HomeContact UsOur WritersMedia KitAdvertisersWhite PapersArchives
Main Menu
Issue Archive
Managers Forum
Help Wanted
Used Equipment
Product Directory
Issue Archive Print E-mail


Get Aggressive!—The Crucial Disciplines of the Aggressive Basis Buyer
by Sherry Lorton

As a merchandiser your goal is to buy good basis and sell good basis. When it comes to the buy-side of merchandising, a good buy basis is generally harvest basis – the basis is the weakest at times when supplies are the greatest. Ideally, if you could buy all of the bushels during or prior to harvest you would be able to own the best buy basis of the season.

Buying harvest basis benefits the producers too. It is in their best interest to sell grain when futures prices are rallying. By taking advantage of price rallies that occur ahead of harvest, producers can lock in sales at profitable levels and be in a position to turn their grain into money as soon as it is harvested with no additional marketing costs. The farmer sells at a profitable price, the elevator or feed mill gets to buy good basis; it’s a win-win for both parties.

The challenge of buying grain in a high-priced environment is that it can require a lot of money. You buy grain and sell futures to establish a good basis position; but, you also create a financial obligation to fund the futures as prices move higher. The more successful you are at buying grain in this environment, the greater the financial burden becomes. There are times when you can even fall victim to your own success -- you buy more grain than your finances can bear.

One of the dilemmas of merchandising is how to be an aggressive buyer of grain at the times when you need to be – that is when prices are up and basis is weak -- and still manage the financial responsibilities that come with it?

The solution is in many ways a matter of taking control. To keep yourself in a position where you can continue to be an active buyer of grain in all environments, you have to maintain control of how you buy the bushels and keep your ownership at a manageable level. Implementing a few simple disciplines into your buying practices can help you achieve the control you need to do this.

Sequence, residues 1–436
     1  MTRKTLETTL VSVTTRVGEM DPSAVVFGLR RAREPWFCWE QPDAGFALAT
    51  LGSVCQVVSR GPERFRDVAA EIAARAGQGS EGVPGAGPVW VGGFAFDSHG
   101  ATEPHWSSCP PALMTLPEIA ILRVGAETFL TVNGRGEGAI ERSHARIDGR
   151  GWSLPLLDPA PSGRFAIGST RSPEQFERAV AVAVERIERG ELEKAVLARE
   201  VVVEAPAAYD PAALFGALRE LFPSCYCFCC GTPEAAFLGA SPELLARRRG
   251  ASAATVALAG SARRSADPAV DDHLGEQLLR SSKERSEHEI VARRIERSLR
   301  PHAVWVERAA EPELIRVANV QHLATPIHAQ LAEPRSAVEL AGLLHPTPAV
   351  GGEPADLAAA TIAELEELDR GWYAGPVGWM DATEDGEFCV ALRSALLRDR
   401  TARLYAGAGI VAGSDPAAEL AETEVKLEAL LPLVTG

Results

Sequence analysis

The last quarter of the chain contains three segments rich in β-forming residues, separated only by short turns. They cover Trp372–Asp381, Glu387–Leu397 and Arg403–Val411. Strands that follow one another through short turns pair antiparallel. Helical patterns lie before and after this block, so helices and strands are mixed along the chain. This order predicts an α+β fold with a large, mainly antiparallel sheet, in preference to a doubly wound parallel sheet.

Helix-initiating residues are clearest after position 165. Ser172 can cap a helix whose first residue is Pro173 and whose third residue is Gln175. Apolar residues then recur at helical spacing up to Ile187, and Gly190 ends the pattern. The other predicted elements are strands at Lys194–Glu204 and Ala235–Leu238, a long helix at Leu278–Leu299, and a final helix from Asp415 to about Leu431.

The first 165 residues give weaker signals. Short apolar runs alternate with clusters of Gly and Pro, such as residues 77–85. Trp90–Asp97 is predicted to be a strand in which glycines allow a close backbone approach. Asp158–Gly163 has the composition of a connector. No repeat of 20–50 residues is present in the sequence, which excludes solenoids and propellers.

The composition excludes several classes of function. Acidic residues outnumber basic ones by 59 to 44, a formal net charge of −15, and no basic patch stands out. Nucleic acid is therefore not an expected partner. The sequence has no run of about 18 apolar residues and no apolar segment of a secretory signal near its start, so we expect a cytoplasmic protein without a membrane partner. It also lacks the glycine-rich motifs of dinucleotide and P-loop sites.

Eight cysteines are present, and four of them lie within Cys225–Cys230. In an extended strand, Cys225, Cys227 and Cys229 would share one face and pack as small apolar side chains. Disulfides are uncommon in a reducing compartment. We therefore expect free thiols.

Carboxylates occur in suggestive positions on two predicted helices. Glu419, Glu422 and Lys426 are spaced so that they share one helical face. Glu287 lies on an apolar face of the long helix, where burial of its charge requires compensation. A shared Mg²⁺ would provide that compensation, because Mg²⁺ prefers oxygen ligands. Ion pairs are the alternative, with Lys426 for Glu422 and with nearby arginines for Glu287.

Buying Discipline #1 – To be an aggressive buyer you must be an aggressive seller

Everyone has some limit to the amount of grain they can own. If you are to be in a position where you can continue to buy grain as prices move up, you have to be a proactive seller. Selling is the key to keeping control of your cash flow at a time when the market is putting a lot of demands on your finances. If you are not an active seller, you could put yourself in a position where you have to stop buying grain. Neither you nor the producer will enjoy that situation!

Buying Discipline #2 – Impose limits on the size of your positions

Imposing limits on the size of your position is one of the most effective disciplines for keeping control of your merchandising. The concept is simple. Have a policy that states clearly the amount of bushels you are willing to own at any one time. Your limits are typically based on your financial resources. When you get in a position where you are buying a lot of grain and start to get close to the number it is time to start selling. Limits are a good way to move you to action before potential problems arise.

Elevators tend to look to their banker to set the limits, but the problem with this is if you wait for the banker to say “enough is enough,” you are probably too late. Anytime you are forced into a decision it is usually not done in your best interest. Self-imposed limits are the way to keep ahead of the bushels – and ahead of the banker -- so that you can keep buying grain and merchandising bushels with you in control.

Buying Discipline #3 – Buy grain with adequate margins

The final discipline of an aggressive buyer is to buy grain at an appropriate basis. This means basing your buy basis on realistic resale values – not just what you think you can sell grain for at some point in the future but what can actually be traded – and putting adequate margin into your bid. This way if you get into a position where you are forced to sell the bushels you can do so and still make a reasonable margin.

It is also a good practice to put wider margins in your bids as prices move higher. The higher the price of the commodity the more cost (interest) and risk you take on in buying the bushels. It makes sense that you should be fairly compensated for your expense.

Following these few simple disciplines will give you the control you need to be an aggressive buyer and enable you to capture good basis while at the same time providing meaningful services to your customers.

Back to Articles